So onwards we went – first the Mackinac Bridge to ‘mainland Michigan’ and, darn and blast it, there were road works.

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The real pain of the road works on this bridge is that it meant we had to ride slowly across grating – quite nerve-wracking (and wobbly) Even worse when a stupid woman nearly rode into us because she was busy sending a text on her phone while driving!

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But we crossed safely and stopped for breakfast before having a quick walk to the lighthouse and bridge; easy to see it was not going to be a nice sunny day;

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Even the geese were not too happy with the weather.

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Goodbye UP, Michigan.

We decided to take the western coast of Lake Michigan so we would see some  new places – but the rain came down and we passed through lots of small and rich towns – Petoskey and Charlevoix – very pretty but very affluent and crowded. This was the weekend of a big yacht race from Chicago to Mackinac Island, plus lots of towns were having special weekends of one sort or another; so we queued in traffic and we wiped the rain off our visors and continued on until we found a chance to escape the lake area and head inland.

It was at around 7pm we finally found a motel – we had passed lots of motels in small, inland towns – but they were nearly all closed down.

The one we found catered to dirt bike and ATV riders – three bikes next door were busy revving for a couple of hours and sending gravel flying – but it was a bed and shelter from the rain – which now stopped and allowed the sun out.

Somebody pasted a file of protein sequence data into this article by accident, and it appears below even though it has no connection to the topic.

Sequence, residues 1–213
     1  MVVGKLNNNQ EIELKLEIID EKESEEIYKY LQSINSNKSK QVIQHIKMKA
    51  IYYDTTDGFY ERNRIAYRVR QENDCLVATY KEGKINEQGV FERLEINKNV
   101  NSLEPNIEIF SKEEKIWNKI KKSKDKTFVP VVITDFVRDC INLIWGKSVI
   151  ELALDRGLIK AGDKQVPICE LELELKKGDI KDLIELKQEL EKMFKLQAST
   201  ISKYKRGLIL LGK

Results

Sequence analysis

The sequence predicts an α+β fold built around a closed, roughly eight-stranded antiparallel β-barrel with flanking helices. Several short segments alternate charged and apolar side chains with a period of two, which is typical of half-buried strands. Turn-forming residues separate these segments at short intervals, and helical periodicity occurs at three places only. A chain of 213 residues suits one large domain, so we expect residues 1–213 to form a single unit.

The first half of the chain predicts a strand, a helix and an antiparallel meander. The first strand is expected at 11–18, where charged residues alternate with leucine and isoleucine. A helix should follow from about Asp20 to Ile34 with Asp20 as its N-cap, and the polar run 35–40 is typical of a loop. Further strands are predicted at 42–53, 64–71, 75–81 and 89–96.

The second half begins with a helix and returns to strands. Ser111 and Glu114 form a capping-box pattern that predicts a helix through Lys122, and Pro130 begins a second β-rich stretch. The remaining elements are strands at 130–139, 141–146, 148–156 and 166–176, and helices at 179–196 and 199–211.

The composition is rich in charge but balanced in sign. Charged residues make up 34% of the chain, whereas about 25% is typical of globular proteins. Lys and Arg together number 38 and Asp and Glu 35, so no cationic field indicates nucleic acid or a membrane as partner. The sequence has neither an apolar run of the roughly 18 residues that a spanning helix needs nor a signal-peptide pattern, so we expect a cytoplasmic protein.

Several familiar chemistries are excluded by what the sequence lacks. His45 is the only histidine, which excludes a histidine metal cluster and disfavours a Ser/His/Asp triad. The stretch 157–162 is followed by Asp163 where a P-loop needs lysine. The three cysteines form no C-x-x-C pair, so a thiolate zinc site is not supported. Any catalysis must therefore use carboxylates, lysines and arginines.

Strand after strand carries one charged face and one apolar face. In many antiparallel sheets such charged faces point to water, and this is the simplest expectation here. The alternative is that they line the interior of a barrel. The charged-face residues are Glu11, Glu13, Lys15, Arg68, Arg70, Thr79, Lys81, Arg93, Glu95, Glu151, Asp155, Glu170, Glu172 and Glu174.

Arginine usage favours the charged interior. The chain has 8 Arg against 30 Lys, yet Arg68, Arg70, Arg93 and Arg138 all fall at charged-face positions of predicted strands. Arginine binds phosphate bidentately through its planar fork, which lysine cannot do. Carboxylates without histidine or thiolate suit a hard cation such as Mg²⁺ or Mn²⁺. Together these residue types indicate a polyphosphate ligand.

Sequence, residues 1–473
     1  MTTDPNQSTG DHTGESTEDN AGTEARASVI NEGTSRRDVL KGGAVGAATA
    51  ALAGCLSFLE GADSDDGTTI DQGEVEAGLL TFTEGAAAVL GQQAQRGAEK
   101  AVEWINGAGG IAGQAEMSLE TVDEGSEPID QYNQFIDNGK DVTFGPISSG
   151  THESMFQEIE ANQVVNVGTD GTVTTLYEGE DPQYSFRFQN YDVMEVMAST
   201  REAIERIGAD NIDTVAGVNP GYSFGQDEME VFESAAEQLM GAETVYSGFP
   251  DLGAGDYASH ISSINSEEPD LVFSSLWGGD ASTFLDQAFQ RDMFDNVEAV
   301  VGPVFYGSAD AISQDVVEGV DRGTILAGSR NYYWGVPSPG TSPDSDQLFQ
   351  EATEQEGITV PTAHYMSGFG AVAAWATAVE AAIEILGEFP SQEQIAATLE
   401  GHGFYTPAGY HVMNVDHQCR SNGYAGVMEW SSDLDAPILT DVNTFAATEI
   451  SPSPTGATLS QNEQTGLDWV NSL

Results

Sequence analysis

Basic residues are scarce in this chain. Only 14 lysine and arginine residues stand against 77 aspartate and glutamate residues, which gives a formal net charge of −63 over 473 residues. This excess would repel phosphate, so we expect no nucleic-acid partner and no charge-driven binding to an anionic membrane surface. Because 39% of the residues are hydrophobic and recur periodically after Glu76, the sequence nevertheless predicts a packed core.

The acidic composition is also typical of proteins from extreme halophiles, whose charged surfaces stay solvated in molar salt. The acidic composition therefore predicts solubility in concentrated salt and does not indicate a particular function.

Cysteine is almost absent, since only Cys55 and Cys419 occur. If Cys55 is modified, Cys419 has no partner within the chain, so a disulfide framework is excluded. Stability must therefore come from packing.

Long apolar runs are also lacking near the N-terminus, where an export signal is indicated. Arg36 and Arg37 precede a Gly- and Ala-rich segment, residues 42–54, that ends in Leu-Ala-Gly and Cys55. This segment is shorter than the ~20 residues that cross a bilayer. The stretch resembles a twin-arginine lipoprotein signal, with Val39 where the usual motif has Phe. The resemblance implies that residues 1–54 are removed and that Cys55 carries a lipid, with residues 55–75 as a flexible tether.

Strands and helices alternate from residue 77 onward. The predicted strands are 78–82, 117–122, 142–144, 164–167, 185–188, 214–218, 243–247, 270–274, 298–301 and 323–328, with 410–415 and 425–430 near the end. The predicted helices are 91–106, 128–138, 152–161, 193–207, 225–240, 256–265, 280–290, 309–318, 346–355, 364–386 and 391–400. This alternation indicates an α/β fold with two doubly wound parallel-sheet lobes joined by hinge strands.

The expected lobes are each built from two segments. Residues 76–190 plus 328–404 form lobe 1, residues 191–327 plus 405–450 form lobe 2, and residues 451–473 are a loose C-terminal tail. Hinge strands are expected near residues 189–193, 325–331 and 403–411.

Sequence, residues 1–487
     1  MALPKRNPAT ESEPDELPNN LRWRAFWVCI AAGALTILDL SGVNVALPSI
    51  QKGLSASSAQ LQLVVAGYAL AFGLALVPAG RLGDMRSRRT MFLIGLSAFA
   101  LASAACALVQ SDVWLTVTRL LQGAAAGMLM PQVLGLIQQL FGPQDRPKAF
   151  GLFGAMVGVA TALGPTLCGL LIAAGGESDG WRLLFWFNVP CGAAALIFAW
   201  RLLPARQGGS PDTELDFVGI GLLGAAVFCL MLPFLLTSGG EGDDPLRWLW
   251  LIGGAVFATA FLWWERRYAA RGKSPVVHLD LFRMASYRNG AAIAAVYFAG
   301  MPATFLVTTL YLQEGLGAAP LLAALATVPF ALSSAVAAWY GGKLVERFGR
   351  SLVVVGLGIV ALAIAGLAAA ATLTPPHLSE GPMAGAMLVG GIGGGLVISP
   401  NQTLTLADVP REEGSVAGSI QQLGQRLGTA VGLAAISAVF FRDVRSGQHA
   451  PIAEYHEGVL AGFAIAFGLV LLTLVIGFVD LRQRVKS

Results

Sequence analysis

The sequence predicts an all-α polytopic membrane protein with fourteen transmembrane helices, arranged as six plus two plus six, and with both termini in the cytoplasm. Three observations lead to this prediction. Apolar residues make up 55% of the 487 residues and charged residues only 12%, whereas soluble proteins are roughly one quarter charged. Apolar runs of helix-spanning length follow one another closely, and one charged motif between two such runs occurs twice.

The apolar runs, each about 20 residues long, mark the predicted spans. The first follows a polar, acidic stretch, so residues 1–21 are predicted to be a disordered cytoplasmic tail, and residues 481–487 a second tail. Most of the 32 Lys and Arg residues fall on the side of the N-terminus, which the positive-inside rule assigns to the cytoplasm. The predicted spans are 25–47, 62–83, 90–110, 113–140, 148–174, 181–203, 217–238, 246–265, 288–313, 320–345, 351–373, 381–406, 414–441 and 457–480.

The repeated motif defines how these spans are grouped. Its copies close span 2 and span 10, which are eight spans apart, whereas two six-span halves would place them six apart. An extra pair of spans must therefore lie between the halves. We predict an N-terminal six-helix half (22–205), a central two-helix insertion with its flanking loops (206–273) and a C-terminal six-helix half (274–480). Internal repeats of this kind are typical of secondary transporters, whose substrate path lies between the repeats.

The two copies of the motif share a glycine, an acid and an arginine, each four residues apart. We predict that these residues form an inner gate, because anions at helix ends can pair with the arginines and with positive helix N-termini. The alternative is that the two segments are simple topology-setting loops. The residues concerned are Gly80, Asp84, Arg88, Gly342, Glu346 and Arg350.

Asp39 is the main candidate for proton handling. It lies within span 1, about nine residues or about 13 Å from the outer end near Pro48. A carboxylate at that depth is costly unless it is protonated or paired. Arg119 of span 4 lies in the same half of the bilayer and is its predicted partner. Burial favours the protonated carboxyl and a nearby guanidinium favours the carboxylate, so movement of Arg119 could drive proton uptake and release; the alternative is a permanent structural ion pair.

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WiFi didn’t work in the last two motels by the way.

Next morning, the sky was blue again.

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And we had a much better day. Once again, we passed through town having a celebration – we really had to stop in this nice town of Chelsea – or as I will always think of it, Jiffytown.

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and, yet again, more anti-Obama sentiments displayed…

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I have to add this one here – our next town was Manchester – namesake of my own hometown. But there were some really extensive road works going on, so I really ought to have bought this teeshirt

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I’ll bet any money this woman was using her phone!

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Soon we were in

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and on familiar territory

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back to the farms and the cornfields and time for a rest before getting ready to ride back up through Michigan and crossing into Ontario – and Toronto next week

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So it is goodbye for now – our friends do not have internet – so we have to come into the nearest town – Gibsonburg – to use the library; sorry if there are typos and if this is quick, but have to dash.